Writing Patient Consent Information for a Clinical Study

This was initially written to advise trainee oncologists on a training workshop.

Patient Consent Information

There is good guidance available on how to construct a Patient Consent Information leaflet. This includes templates you can follow.  Have a look at the following:

This guidance from the UK has been developed through involvement of patients, ethical committee members and researchers.

Some advice about style (as opposed to content):

  • Use simple language – guidance would be to aim for age 12 capability
  • Use short sentences and short paragraphs
  • Do not join different concepts – abolish “and” if you can
  • Use short words – no more than three syllables in English, if you possibly can
  • Avoid technical jargon – if you have to use them, acronyms MUST be spelled out
  • Do not assume that the reader knows anything about research
  • Do not make reference to other documents unless they are freely available

Within the structure and the constraints of content:

  • Try and tell it a bit like a story – invite the patient to read along with you
  • Start from something the patient understands
  • Remember that all patients are different – you can repeat the story a different way
  • Explain what the study is aiming to demonstrate and why
  • Explain what will happen to them in the study – show empathy
  • Answer the obvious “what if” questions in your text (eg. what if it doesn’t work?)

You take your pick on formatting advice, however:

  • Use diagrams and tables to show issues clearly eg. schedule of hospital visits
  • Use side-boxes to explain issues separately from the main flow of the story if necessary
  • When formatting the sheet make it look inviting and easy to read
  • Put a line space between paragraphs, don’t crowd text tight to the page edge

In the back of your mind:

Remember that the patient will only take one pathway through the study so complex issues like cross-over between arms in an RCT, or choice of successive therapies driven by response, need careful handling. A diagram can often help.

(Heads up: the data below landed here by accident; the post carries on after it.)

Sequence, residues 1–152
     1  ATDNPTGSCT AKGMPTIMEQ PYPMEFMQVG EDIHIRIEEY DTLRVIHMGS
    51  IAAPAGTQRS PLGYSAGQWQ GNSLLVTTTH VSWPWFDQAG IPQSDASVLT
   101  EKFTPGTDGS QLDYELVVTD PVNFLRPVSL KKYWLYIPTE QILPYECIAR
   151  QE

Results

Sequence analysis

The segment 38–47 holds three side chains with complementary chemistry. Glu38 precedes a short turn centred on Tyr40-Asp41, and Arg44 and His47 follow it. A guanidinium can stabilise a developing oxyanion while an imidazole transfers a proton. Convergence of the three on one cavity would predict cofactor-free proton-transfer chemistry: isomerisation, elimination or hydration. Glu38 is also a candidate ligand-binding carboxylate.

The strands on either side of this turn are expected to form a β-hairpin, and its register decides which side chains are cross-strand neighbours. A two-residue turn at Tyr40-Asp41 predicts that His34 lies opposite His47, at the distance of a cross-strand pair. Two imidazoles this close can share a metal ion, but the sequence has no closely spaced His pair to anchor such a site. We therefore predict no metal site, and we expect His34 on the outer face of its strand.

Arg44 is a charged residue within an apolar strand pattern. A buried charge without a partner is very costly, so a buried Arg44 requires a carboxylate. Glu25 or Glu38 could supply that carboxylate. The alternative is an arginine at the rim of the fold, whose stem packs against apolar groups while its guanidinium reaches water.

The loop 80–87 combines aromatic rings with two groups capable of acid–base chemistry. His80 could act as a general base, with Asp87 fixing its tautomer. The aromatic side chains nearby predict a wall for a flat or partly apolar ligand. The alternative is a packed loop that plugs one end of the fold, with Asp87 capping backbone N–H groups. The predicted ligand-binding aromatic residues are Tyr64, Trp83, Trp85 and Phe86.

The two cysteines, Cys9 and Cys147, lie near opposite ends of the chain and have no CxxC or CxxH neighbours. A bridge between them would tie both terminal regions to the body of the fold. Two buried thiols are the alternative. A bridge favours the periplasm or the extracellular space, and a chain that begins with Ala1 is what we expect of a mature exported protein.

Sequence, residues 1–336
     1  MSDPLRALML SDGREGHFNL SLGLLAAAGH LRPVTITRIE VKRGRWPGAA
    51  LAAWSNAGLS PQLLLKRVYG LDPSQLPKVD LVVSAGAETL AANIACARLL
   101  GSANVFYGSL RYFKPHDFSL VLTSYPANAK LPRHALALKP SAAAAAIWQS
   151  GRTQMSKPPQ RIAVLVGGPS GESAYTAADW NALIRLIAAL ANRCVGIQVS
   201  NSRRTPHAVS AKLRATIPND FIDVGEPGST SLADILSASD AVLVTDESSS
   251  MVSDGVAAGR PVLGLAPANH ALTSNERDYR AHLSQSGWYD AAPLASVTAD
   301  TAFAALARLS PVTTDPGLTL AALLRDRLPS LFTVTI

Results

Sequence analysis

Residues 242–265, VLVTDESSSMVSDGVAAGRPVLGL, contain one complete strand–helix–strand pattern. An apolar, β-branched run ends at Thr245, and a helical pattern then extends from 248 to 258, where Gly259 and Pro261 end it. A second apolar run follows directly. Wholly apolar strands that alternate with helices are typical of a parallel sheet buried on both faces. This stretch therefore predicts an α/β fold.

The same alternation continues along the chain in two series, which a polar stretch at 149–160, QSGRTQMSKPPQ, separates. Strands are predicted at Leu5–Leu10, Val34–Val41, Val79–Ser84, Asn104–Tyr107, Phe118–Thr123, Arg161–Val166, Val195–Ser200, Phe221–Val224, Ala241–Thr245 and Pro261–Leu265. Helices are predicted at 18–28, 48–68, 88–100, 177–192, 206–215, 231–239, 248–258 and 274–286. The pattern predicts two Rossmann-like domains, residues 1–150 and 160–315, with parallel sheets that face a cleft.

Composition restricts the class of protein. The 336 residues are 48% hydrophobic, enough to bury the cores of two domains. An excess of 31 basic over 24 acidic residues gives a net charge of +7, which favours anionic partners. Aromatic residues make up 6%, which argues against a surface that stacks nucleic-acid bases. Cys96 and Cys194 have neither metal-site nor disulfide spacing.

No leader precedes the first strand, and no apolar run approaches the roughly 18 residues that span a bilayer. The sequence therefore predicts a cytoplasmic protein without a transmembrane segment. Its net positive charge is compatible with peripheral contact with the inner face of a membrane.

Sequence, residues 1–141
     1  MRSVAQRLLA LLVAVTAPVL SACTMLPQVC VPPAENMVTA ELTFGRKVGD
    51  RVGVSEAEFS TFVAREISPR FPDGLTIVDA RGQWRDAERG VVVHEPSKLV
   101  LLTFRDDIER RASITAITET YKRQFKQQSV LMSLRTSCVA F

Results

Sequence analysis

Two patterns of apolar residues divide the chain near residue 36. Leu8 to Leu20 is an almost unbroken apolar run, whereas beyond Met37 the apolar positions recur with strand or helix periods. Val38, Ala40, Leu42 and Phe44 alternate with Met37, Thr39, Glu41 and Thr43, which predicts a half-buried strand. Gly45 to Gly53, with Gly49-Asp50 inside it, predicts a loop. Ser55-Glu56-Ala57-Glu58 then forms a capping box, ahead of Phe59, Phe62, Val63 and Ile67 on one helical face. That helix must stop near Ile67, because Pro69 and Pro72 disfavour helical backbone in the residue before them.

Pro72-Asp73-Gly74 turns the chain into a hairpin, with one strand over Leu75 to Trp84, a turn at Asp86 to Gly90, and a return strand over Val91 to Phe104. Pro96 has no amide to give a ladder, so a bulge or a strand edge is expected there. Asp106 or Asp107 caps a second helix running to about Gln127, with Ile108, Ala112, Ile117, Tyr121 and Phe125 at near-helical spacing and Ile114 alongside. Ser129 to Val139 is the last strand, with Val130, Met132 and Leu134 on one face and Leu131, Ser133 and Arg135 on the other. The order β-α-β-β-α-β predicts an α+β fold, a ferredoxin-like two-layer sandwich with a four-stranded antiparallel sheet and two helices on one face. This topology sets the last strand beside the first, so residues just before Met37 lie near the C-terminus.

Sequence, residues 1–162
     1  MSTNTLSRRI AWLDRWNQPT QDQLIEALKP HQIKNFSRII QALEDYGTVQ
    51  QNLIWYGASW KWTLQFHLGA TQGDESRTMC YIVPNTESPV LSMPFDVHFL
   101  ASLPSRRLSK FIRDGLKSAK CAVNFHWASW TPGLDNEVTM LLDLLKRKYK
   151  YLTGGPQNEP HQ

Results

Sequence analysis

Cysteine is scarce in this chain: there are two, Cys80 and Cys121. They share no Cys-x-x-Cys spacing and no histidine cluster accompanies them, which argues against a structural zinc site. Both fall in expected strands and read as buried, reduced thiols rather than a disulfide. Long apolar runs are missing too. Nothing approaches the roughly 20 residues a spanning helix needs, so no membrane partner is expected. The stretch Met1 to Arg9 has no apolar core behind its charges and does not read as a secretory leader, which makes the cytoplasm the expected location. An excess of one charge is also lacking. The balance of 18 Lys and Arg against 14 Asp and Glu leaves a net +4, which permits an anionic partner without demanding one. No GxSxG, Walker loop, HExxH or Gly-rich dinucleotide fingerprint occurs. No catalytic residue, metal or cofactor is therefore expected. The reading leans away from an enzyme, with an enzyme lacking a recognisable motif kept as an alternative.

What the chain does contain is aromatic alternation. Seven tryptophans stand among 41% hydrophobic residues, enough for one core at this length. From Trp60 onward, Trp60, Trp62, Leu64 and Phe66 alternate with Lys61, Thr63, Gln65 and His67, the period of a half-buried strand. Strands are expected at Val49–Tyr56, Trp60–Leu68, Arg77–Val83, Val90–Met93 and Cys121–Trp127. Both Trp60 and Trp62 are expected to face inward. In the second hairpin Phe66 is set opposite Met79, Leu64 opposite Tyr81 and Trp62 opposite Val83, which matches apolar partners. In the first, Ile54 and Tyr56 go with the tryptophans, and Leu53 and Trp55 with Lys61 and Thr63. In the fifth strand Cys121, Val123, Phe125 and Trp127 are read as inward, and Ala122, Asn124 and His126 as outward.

Ethics reviewers will want to see that you:

  • Be clear about side effects – not just short term but any possible long term issues
  • Be clear about reporting and managing side effects, including self-management

Dont rush:

  • Give yourself time.  Draft, read and re-draft. Read it back 24 hours later
  • Get others to read it, especially patients
  • Have you been balanced in your explanation? Maintain equipoise
  • It does not matter if key issues are repeated
  • Remember that anything which appears to incentivise patients to enter the study will be unethical

Other issues:

  • Does the study have a website? Give the URL
  • Explain how to contact the research team – both email and telephone
  • Explain how to act in an emergency, with at least two telephone numbers
  • Have a card or sheet with contact details on it which patients can put on the kitchen noticeboard

Document management:

  • Use document management to control versions until ethics approval is finalised
  • Number the pages

 Passing ethical review:

Every ethical board has its own view of what makes a good patient consent information sheet. Almost everyone is agreed that page after page of legal statements should be at the back and that the first two or three pages is all that a patient will actually take in. Much of the rest will be read by family or friends. These first few pages are where the heart of the story must be told, this is where to place the diagrams they may need to refer to, this is where contact details should be (probably repeated right at the end). My personal view is that the first 2/3 pages should be like an executive summary, this is followed by the full story, then the statutory material. At the very end is a repeat of the contact details so that they can be easily separated from the main document as an aide memoire.

Roger Wilson